Gregg's description of the most appropriate behavior and work of foundations, their trustees, and their officers.
Number of Image Pages:
2 (167,206 Bytes)
1945-07-02 (July 2, 1945)
Original Repository: Rockefeller Archive Center. Rockefeller Foundation Archives
Reproduced with permission of the Rockefeller Foundation.
Medical Subject Headings (MeSH):
"Notes on Giving"
Foundation policy concerns organization, method of work and relations to other institutions and the general public. Foundation
program on the other hand refers to what interests, activities or objectives a foundation may choose to aid or maintain.
In point of organization there are two types of foundations: one selects one or more fields of activity and proceeds to operate
directly in these fields with its own staff (e.g. Carnegie Institutions supported by the Carnegie Corporation); the other
kind of foundation appropriates funds to other institutions (very rarely to individuals) whose plans or purposes fall within
the program and satisfy the standards of the foundation. Experience shows that it costs 5 to 20 per cent of the expendable
income of a foundation to give money away effectively. There should be a Board of Trustees, preferably seven to seventeen
in number, who serve for three to five year terms, renewable but subject to an explicit and undeviating retirement rule at
65, not salaried or paid, but prepared to attend meetings at least two and preferably four times a year. There should be an
officer or officers on full time salary (also retiring at 65) and giving their entire time to the presentation of program
to the Trustees, the investigation of requests, the search for opportunities and the supervision and final report on grants
in force or terminated. Presentation by the officer should be in written docket form, circulated at least one week in advance
of Trustee meetings. Trustees should be encouraged to discuss programs but should not be allowed to present docket items themselves
and should withdraw from the meeting when grants are proposed for any institution with which the Trustee is officially connected.
The founder or creator of a foundation will secure the best services from the Trustees and officers by refraining from over-riding
or bringing proprietary influence to bear on their judgments and convictions. Therefore nearly all of the success of a foundation,
new or old, depends on the excellence of character, alertness of mind and sound judgment of its Trustees and officers. No
foundation can survive mistakes due to hastiness, sentimentality, favoritism, laziness, ignorance, bad manners or stupidity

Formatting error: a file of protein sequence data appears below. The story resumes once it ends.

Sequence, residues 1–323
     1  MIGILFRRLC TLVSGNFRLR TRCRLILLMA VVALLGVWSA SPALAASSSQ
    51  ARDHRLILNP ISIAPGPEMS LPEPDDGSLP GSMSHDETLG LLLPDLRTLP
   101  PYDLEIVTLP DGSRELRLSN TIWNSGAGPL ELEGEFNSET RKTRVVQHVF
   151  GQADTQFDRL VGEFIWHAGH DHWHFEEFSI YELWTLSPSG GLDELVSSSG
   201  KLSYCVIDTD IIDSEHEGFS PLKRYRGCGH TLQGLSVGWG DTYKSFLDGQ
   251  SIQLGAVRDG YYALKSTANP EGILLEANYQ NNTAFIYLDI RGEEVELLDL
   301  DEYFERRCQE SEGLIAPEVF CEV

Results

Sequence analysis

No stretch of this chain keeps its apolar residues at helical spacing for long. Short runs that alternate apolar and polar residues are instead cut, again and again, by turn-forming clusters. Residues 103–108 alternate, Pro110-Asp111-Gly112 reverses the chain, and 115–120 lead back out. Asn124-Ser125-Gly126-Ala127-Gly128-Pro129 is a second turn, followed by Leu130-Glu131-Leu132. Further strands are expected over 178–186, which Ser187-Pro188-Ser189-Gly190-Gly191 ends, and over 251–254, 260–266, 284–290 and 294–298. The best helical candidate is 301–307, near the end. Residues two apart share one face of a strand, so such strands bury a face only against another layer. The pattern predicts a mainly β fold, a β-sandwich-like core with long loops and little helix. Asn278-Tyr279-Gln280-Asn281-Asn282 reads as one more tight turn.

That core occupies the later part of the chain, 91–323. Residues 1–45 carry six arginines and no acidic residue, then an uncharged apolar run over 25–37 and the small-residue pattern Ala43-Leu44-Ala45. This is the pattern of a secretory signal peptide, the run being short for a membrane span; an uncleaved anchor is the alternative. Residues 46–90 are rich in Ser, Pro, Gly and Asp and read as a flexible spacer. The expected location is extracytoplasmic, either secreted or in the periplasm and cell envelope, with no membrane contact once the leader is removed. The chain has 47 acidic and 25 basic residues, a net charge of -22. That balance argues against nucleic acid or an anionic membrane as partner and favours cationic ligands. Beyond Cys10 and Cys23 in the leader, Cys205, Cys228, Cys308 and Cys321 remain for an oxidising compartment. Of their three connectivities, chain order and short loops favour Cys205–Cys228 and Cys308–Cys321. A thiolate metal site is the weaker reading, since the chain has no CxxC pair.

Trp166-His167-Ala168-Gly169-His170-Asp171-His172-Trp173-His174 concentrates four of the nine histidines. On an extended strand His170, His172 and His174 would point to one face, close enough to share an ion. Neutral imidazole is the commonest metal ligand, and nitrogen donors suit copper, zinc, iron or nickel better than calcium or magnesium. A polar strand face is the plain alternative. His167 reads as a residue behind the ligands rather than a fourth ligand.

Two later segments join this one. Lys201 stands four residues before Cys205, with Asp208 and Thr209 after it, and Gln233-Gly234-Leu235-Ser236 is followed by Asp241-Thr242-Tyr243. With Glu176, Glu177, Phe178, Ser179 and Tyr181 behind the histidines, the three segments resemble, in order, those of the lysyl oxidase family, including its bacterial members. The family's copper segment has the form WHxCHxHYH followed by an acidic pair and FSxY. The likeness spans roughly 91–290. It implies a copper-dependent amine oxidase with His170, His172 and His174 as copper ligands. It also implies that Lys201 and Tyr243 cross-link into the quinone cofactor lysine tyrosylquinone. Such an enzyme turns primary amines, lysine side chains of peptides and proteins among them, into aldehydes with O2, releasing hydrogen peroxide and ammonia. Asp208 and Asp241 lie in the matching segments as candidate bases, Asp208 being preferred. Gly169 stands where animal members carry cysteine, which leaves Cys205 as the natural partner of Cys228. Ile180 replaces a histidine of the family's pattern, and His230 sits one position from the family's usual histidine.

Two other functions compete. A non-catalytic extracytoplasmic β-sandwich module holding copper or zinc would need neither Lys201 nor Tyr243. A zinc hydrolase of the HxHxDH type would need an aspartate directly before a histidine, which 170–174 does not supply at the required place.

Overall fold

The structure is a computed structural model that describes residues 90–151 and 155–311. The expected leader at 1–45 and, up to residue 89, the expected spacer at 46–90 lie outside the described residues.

on the part of its officers--or its Trustees. The retirement provision is important because foundations more than other institutions
must be alert to change, to new opportunities and to the oncoming interests of the future. They must have the energy, hope
and adaptability of younger men in order to work admirably.
In method of work foundation officers should be responsible for finding, studying and judging programs of work and for presenting
and explaining appropriations to the Trustees whose votes should be votes of well informed conviction as well as of confidence
in the officers. The officers must be prepared to travel, to seek and study opportunities independent of requests; if not,
the officers will be at the mercy of the clever "askers"--the expert showmen and clever beggars. This is singularly
important in the first ten years of a foundation's existence. It is often impossible to judge the value of a proposed
grant without comparing it with other opportunities. The knowledge that makes an effective foundation officer comes from imagination,
common sense and cumulative experience. Foundation grants can be used to create new institutions, or to protect them in their
earlier years, or to improve or reform existing institutions, or to restore them, or to maintain them until local funds take
over. Those grants work best which are conditional upon contributions from the side of the recipient, such as matching of
endowment, collaboration and maintenance funds from other sources, etc. Competent officers save their salaries many times
over since casual, incomplete or irresponsible study of grants invites waste on a reckless scale.
Experience has shown the wisdom of rendering a published and well distributed annual report as an essential part of foundation
policy. Such a report serves as the best portrayal of a foundation's interests and program. An annual audit should accompany
the report. Except for the annual report a foundation making grants to other institutions should not seek publicity for itself
or public fame; in the long view it can afford to wait for the high regard that will come best if not sought for. Attention
and credit given to the beneficiary will reflect upon the foundation soon enough and in ample measure.
If two points may be underscored they are these: the character and capacity of a foundation's officers always determine
its success or failure; and the thoroughness of their study, the extent of their travel and acquaintance with fine persons
and their search for good opportunities have more to do with finding the best programs than anything else. You can't always
conceive the germinal ideas but you can often find them and help others to realize them.
In short, the reason for and the best test of foundation policy is the measure in which it facilitates the choice of a fine
program and carries it through to a first-class permanent result.